Why do we need to improve Medicare?

Medicare at 50 — Origins and Evolution

By David Blumenthal, M.D., M.P.P., Karen Davis, Ph.D., and Stuart Guterman, M.A.
The New England Journal of Medicine, January 14, 2015

Many Americans have never known a world without Medicare. For 50 years, it has been a reliable guarantor of the health and welfare of older and disabled Americans by paying their medical bills, ensuring their access to needed health care services, and protecting them from potentially crushing health expenses. However, as popular as Medicare has become, Congress created the program only after a long and deeply ideological struggle that still reverberates in continuing debates about its future.

Future Challenges

Medicare is a much larger, more comprehensive, and more complex program than it was in 1965. In its response to cost and quality concerns, it has also become much more assertive in trying to improve the performance of the national health care system. For much of its history, Medicare just paid bills. Now, it has joined private-sector insurers in the effort to manage care as well.

Despite these changes, however, Medicare continues to face major challenges, which will be discussed in more detail in part two of this series. Perhaps the most important of these challenges is its cost. Growth in Medicare spending per beneficiary has slowed sharply in recent years, and although that slowdown is projected to continue over the next few years, the growth in total program spending is projected to outpace that in the overall economy as the retiring baby-boom generation increases the number of beneficiaries. This will put more pressure not only on Medicare finances but also on the federal budget, with Medicare spending projected to rise as a share of federal revenues from 17% in 2014 to 27% in 2050 and to approach 40% by the end of the century.

The current structure of Medicare is anachronistic and unnecessarily complex. Most employers offer their employees a comprehensive benefit package that includes hospital care, physician services, and prescription drugs. Medicare, in contrast, offers its beneficiaries fragmented coverage, with separate parts for each of these services. As a result of its substantial deductibles and the lack of a ceiling on out-of-pocket costs, most beneficiaries purchase supplemental private insurance to cover gaps in Medicare. Low-income beneficiaries, unable to afford care provided through substantial cost sharing in Medicare, can enroll in Medicaid to obtain help in paying Medicare premiums and out-of-pocket costs, but each state has its own income and asset rules. As a result, the complexity of the current insurance system for the elderly becomes truly startling. This complexity frustrates efforts to coordinate care for the sickest and frailest patients and to create an understandable and consistent set of incentives for providers.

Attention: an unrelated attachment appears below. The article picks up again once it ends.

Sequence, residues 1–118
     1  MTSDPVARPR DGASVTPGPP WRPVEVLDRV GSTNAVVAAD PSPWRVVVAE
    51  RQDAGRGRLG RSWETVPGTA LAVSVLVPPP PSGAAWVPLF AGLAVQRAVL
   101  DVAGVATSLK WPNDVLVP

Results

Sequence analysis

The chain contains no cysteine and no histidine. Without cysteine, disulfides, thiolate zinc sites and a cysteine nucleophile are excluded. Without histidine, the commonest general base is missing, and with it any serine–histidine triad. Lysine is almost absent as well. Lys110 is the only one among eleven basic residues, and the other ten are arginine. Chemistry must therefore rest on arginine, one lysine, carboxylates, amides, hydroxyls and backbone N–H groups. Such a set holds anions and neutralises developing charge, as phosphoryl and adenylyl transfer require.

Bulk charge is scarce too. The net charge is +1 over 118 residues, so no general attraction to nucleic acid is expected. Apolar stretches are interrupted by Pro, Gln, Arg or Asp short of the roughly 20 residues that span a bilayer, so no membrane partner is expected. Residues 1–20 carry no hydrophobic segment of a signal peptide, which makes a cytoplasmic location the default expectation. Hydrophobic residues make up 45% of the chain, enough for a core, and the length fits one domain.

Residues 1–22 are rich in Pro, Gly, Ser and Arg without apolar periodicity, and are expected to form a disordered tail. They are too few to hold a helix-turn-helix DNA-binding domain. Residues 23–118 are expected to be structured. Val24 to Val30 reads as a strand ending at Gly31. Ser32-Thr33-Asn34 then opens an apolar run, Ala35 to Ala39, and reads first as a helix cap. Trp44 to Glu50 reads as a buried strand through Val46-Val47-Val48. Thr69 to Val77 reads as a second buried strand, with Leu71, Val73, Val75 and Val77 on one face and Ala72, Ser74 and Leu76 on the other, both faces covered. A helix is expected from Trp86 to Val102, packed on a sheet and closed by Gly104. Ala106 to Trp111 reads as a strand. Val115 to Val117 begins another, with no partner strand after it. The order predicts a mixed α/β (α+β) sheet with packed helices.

Despite the importance of Medicare in improving its beneficiaries' access to care, the program does have substantial limitations in coverage. These limitations result in large out-of-pocket payments for the most vulnerable beneficiaries. Although Medicare covers some rehabilitation services and limited home care, it does not pay for extended long-term services and supports, a gap that surprises many elderly persons and their families when they need such care. Medicaid does cover these benefits but only for the poorest elderly. The role of Medicare in addressing growing societal needs for long-term services remains uncertain.

These and other issues suggest that preserving and strengthening Medicare over the next 50 years will continue to require active, wise, and humane policy development. Such a task would be a challenge for the federal government under any circumstances but particularly if the current intense partisan divisions persist.



By Don McCanne, MD

Although Medicare is the most popular health insurance program in the nation, it still has some serious deficiencies. As an example, 27 percent of Medicare beneficiaries spend more than 20 percent of their income for out-of-pocket health care expenses.

There are two pressing reasons why efforts should be made to strengthen Medicare. The most obvious is that current Medicare beneficiaries should have at least the level of financial security and health security that citizens of other nations receive through their health care financing systems.

The other reason is that Medicare is thought by many to be a natural model for a national health program that covers everyone. It is important that the model be improved so that we can do away with wasteful and inefficient supplementary programs such as Medigap coverage, retiree health benefits, Medicare Advantage plans, and Part D drug plans, and, while we are at it, eliminate the financial barriers of cost sharing that impair access to care. Once we have an improved Medicare we can combine it with the other important features of a single payer national health program, finally realizing our dream of an expanded and improved Medicare for all.

For those who wish to be reminded of the key features of single payer that should be combined with an improved Medicare, a brief list is at this link: